Interestingly enough, DDD has found admirers in the Western world (a favourable Guardian review is something considering the UK paper’s critics are usually more scathing than sugary, more so when it comes to ‘commercial’ fare). Rings a bell? Slumdog Millionaire was a big hit with the Western audience and critic alike. Opinions in India were divided, at best. Popular opinion was ‘Feeding a Western audience with the grim realities of India doesn’t make a great film’. After reading the Guardian review, I can well see a skewed similarity between how the two films are being viewed by two sets of audiences. Both the films show ‘the not so rosy India and Indians’, slicing through the veneer of ‘India Shining’ and ‘Contemporary India’.
To quote the critic who reviewed DDD in The Guardian:
“The question is whether this ship functions as a complex, multi-levelled metaphor for contemporary India or merely a big block of soap, trailing suds in its wake. For much of the first half, it seesaws uneasily: the drama sends you reaching for the Dramamine. Co-writing with her brother Farhan (who cameos as Ayesha’s ex), Akhtar evidently has certain hypocrisies on her radar. She regrets how, when boy meets girl, it often bestows honour on one family and shame on the other; through Kamal, she’s spoofing parents who retain altogether inflexible ideas of what a 21st-century match might constitute.”
It’s funny how an Angrez who translates the title to ‘Let the Heart Go On’, according to ‘my schoolboy Hindi’ is not only better acquainted with the ‘ground realities’ but also has more empathy towards the smorsgasboard of dilemmas and circumstances that the younger generation of ‘contemporary Indians’ face more often than not.
The Guardian review also mentions how Ayesha who has succumbed to parental pressure to get married, still manages to stick to the decision of not bearing a child by being on the pill, secretly. Our learned HT reviewer certainly doesn’t think that a woman who has a MIL who is a pain in the ass, and a chauvinistic husband who has ‘allowed’ her to work is actually being infinitely brave when she’s putting her career before her marriage. More so because it has carefully been put together by her dour and inflexible parents, but whom she cares about nonetheless. To the critic, she’s ‘sobbing all through (the film)’.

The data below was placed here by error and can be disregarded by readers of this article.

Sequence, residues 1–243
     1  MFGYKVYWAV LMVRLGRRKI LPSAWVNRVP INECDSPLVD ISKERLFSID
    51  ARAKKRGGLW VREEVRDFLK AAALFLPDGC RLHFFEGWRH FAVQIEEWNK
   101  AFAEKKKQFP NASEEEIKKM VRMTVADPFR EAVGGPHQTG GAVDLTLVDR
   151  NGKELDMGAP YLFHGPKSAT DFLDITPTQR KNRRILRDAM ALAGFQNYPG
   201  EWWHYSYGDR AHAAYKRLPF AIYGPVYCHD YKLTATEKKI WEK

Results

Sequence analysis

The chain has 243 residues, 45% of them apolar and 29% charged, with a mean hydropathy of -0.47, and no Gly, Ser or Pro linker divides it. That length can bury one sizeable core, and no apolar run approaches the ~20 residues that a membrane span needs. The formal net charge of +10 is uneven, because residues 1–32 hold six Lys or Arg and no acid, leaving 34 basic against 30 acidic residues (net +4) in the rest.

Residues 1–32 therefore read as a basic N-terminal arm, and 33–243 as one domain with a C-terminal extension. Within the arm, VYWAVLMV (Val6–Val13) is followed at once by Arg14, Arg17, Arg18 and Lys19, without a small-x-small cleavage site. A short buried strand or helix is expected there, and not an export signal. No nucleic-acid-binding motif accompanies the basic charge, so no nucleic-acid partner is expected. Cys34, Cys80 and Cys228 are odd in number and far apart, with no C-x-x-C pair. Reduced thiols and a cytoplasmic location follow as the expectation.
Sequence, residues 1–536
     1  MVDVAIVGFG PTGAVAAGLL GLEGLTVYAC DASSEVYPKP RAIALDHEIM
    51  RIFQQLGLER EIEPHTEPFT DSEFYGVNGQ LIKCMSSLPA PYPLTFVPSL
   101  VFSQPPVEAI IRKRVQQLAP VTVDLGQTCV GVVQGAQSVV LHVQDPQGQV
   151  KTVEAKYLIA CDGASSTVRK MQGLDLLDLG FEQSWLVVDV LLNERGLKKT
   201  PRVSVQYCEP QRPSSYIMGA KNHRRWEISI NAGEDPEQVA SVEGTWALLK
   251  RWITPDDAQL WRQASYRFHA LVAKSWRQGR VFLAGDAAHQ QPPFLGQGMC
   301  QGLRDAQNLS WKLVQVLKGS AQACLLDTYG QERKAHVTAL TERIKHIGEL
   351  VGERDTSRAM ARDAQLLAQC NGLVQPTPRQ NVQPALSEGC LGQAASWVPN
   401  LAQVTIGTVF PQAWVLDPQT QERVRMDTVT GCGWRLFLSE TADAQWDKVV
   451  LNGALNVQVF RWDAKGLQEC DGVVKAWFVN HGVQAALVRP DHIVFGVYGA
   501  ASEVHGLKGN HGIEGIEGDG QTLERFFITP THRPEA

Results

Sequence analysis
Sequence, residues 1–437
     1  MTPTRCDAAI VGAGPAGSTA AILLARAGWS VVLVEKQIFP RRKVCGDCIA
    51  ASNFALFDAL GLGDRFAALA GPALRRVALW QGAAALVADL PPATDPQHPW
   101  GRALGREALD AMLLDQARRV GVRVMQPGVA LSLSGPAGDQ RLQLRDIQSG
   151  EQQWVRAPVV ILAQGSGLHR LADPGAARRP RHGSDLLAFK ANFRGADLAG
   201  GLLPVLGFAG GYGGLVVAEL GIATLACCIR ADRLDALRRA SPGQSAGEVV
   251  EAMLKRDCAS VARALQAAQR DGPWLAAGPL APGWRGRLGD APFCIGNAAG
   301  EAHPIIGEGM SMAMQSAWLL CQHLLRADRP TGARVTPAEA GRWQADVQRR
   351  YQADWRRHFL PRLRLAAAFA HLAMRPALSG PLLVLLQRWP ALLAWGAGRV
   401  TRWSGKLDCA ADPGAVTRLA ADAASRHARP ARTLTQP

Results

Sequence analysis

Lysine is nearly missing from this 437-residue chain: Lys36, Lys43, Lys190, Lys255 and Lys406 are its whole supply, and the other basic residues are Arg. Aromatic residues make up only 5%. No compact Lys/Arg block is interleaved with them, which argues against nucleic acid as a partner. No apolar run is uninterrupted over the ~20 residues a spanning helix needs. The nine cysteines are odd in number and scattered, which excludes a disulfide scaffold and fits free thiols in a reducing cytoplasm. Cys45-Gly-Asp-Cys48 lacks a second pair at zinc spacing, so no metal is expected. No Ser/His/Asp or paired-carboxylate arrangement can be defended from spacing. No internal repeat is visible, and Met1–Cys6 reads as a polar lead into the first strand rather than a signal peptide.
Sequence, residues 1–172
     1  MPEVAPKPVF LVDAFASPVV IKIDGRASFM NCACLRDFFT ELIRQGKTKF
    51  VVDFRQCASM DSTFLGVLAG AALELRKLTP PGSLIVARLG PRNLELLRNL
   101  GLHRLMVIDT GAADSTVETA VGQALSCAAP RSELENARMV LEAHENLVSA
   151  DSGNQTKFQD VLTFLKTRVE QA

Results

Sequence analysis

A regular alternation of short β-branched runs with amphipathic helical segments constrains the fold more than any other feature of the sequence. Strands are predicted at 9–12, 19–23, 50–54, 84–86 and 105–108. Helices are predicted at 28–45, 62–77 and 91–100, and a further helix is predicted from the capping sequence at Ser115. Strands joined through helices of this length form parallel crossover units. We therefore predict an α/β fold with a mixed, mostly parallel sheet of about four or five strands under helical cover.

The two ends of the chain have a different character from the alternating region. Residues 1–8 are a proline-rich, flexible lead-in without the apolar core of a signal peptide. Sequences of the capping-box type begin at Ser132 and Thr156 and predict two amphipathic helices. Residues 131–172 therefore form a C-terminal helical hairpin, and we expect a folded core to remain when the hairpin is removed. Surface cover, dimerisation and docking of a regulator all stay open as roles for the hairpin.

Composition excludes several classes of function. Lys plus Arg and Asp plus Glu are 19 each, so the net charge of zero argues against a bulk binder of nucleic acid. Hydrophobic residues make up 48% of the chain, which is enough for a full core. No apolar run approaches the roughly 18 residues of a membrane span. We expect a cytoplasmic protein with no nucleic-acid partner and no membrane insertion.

Desi critics (and activists) are often in the grip of a certain kind of Nationalism while writing film reviews. If a film is well-received in the West (Bandit Queen, Slumdog), it is invariably slammed as a work primarily made to ‘whet Western appetites in the International Festival Circuit’. Now, I am not going to go into the veracity of such statements. What I find strange is how this ‘Nationalism’ is nowhere to be found when the same critics (and activists) are making appearances at Film Fests and/or Literary Fests where they give long impassioned speeches and readings about all that is wrong and asphyxiating about their Motherland. How Nationalistic indeed!
Dil Dhadakne Do is definitely not a ‘festival circuit’ film but it has managed to unsettle the critic used to reviewing ‘commercial’ and ‘parallel’ as two completely distinct entities. It is not a film that targets ‘a Western audience’ rather it is meant for ‘a Westrenised audience’. In spite of being commercial, it doesn’t lose sight of real issues. I believe that those of us who have known parental resistance and/or ‘advice’ in anything and everything that we have tried to do with our lives will identify with the tragi-comic cruise of the Mehra family (and the rest of the cruise party).
Maybe the HT critic is one among the lucky few who didn’t have to face such ‘ground realities’ or maybe he was ‘rebellious’ enough to ‘not give a fuck’. Either way his review, if I can call it one, is mere cribbing (which distinctly look affected with personal opinions/experiences) rather than a well thought out holistic overview of the film’s relevance or technical aspects (which I must admit am not well versed with). Of course, one can’t take away personal views completely, but at least reviews shouldn’t be so grossly mired in them.